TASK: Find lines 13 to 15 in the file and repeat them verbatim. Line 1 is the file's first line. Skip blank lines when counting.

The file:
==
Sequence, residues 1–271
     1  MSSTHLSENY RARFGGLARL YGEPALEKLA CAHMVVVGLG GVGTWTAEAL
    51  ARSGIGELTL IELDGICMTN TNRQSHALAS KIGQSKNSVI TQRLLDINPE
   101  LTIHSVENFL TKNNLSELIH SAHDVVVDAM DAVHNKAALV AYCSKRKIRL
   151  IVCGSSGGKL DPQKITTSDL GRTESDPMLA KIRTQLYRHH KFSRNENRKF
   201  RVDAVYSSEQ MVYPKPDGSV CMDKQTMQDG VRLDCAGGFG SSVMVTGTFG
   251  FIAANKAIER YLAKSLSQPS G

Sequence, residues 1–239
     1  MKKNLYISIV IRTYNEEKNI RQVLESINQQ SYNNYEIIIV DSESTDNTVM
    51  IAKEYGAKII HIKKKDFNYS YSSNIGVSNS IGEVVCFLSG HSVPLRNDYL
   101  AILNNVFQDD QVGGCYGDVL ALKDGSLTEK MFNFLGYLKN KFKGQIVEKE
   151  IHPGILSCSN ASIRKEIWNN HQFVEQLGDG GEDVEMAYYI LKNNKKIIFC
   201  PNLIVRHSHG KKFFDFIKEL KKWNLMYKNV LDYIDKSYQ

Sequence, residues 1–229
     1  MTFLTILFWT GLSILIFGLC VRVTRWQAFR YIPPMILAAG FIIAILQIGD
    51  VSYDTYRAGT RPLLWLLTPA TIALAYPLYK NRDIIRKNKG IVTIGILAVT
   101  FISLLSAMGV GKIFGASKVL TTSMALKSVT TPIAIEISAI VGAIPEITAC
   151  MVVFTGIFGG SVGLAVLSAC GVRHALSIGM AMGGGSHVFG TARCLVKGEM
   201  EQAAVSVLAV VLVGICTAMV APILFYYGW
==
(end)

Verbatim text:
   201  PNLIVRHSHG KKFFDFIKEL KKWNLMYKNV LDYIDKSYQ

Sequence, residues 1–229
     1  MTFLTILFWT GLSILIFGLC VRVTRWQAFR YIPPMILAAG FIIAILQIGD